Lighting needs to be fixed and all the depth fog passes need to be redone, but the environment is finally starting to work.
    EDIT: The issues listed above have been addressed. This is the iteration of the shot also posted below. Yes, I often delete roughs from here and Youtube--does anyone really need to see all 12 versions of this? ;-)
    https://www.youtube.com/watch?v=Zurb8jIw5ac
  • How did I miss the bees? Those are the cutest, friendliest bees I've ever seen! Great job!
    They didn't give me nightmarish flashbacks to when I was a kid and got stung on the ear.
    The space station surprised me. Didn't expect to see it!
  • Triem23Triem23 Moderator
    Yeah... I hate bees myself--one landed on my laptop monitor here at the coffee shop, and I just stared at it, unmoving, for a good five minutes until it left. Because the only other option was to throw my mocha at it, them flail around like a madman until it, or I had perished.
    But my cartoon bees are pretty neat. :-)
    The space station surprised you? It's been there since the first version of the shot!--No, in more recent versions, I moved that station a LOT closer to the camera. And the iteration I rendered last night has no cloud occlusion and some lighting issues--that station shouldn't be front-lit like a Xmas tree!

     


    How did I miss the bees? Those are the cutest, friendliest bees I've ever seen! Great job!
    They didn't give me nightmarish flashbacks to when I was a kid and got stung on the ear.
    The space station surprised me. Didn't expect to see it!
  • Ok, so: the brief was a cartoon field, flowers, bees and pushing in and out of flowers as transitions.
    This is not in my normal style, so this was kind of fun....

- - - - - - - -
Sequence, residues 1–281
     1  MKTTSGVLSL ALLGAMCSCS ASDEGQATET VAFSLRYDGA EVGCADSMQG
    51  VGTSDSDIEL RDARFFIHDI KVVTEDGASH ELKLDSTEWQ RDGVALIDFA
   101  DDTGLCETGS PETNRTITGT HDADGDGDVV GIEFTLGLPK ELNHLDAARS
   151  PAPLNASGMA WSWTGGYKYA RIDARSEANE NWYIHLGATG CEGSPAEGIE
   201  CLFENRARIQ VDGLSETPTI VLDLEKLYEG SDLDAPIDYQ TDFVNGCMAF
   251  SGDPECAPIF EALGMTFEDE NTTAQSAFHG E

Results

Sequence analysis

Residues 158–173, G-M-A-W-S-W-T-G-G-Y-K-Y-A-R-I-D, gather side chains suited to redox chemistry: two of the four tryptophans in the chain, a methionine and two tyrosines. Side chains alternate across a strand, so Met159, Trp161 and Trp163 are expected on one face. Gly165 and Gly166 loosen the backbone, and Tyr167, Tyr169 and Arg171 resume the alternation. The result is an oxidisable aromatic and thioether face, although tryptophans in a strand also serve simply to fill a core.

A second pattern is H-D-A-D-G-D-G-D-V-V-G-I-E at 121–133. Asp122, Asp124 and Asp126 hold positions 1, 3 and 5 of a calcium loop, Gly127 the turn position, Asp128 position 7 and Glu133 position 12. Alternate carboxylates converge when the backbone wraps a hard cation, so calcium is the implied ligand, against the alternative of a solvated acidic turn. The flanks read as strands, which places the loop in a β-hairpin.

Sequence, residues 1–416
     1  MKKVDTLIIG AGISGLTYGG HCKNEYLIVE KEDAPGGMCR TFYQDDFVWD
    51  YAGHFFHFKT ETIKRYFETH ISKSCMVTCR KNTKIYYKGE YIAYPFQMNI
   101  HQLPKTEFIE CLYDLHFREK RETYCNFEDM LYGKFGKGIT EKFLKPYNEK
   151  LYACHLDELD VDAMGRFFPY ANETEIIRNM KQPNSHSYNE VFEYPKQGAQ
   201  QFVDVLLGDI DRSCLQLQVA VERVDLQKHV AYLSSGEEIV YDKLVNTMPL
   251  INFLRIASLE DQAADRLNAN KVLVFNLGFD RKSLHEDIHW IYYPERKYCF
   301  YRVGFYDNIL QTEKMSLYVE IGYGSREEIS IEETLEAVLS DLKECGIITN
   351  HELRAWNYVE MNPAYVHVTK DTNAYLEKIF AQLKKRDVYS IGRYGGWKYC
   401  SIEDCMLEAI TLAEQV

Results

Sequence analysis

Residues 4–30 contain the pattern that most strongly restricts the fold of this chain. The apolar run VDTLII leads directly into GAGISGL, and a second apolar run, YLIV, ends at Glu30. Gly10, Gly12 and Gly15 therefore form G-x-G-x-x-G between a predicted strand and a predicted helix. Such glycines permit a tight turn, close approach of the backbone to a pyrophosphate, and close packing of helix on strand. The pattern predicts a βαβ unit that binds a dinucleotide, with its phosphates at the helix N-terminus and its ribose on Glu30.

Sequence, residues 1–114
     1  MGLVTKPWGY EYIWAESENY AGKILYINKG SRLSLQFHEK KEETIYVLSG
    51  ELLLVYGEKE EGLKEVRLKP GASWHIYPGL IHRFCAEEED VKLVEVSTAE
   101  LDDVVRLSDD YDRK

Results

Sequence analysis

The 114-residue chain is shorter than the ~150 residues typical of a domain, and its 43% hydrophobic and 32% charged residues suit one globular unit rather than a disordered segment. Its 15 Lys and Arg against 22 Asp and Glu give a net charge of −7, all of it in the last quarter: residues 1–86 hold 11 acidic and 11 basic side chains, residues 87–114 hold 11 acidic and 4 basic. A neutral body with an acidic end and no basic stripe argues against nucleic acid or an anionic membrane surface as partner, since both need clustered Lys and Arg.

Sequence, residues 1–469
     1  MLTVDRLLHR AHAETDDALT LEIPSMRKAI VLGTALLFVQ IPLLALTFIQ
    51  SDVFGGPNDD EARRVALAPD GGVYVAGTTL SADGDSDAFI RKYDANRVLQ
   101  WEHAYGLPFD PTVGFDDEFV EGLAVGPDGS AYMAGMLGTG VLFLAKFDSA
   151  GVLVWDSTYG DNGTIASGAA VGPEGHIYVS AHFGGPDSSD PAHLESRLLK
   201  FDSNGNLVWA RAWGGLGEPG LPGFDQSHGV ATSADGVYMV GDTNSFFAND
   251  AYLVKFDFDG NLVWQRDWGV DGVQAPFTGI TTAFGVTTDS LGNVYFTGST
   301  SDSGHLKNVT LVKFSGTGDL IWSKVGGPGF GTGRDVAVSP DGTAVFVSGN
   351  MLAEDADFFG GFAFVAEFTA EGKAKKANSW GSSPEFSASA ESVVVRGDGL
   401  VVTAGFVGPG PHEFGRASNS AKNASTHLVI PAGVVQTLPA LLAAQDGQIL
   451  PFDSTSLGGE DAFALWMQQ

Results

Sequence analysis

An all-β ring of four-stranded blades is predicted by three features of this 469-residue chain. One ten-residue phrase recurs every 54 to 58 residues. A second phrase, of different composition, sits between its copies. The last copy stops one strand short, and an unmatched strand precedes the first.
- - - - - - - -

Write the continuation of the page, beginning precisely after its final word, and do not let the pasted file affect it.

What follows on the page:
And, of course, I score bees with for the Youtube version with... Rossini's "The Thieving Magpie." Not Rimskykorsaova's "Flight of the Bumblebee." Because that's too easy...
    http://youtu.be/4yALWavYXyg

    How did you create all those blades of grass?
    How did you animate all of those bees???? they weren't even quite billboarded however they all we sort of turned to the camera.... How did you do that?

  • Triem23Triem23 Moderator
    edited May 2014
    How did you create all those blades of grass?
    How did you animate all of those bees???? they weren't even quite billboarded however they all we sort of turned to the camera.... How did you do that?


    Ok, so, for the grass, I drew a single blade in photoshop on a transparent background and saved as a PNG. In Hitfilm I put this blade in a composite shot, moved the anchor point to the bottom of the blade, then keyframed some Z-rotation. I embedded this composite in my main comp and used it as a texture source for a particle sim. I created a quad emitter, rotated and shifted it into position where I put my ground plane, and spawned the entire field as a single particle sim. I used time shift so that particles spawned for about 2 seconds before the shot began so the texture animation would offset. Obviously, the grass particles have a speed of 0.
    The bees were also drawn in photoshop. Each body and each wing was exported as a separate PNG file. In Hitfilm, I loaded each body and it's wings into individual composite shots, adjusted the anchor points for the wings and animated the flaps. in this case the bee sections were made into 3D planes. The front wing was moved 1 pixel closer to the camera, the rear wing moved one pixel away from the camera. Wing flap are actually animated in 3D--the wings rotate on multiple axes. This comps were embedded into the main comp, and, again, assigned as texture source  layers for particle sims. The bees spawn from cube emitters set off camera. The emitters were set to cone trajectories, which were adjusted so that the bees flew in the desired direction.
    Billboarding the bees didn't work so well, since the bees were "slewing" as the camera did it's z-rotation, so I turned billboarding off. I also turned off "Align to Motion." It just happened to work out that the bees were basically facing the wrong direction, and, since everything is flat artwork, anyway, we decided we liked how one could see the flatness of the bees as the camera rotated. But I basically got lucky with the bee orientation.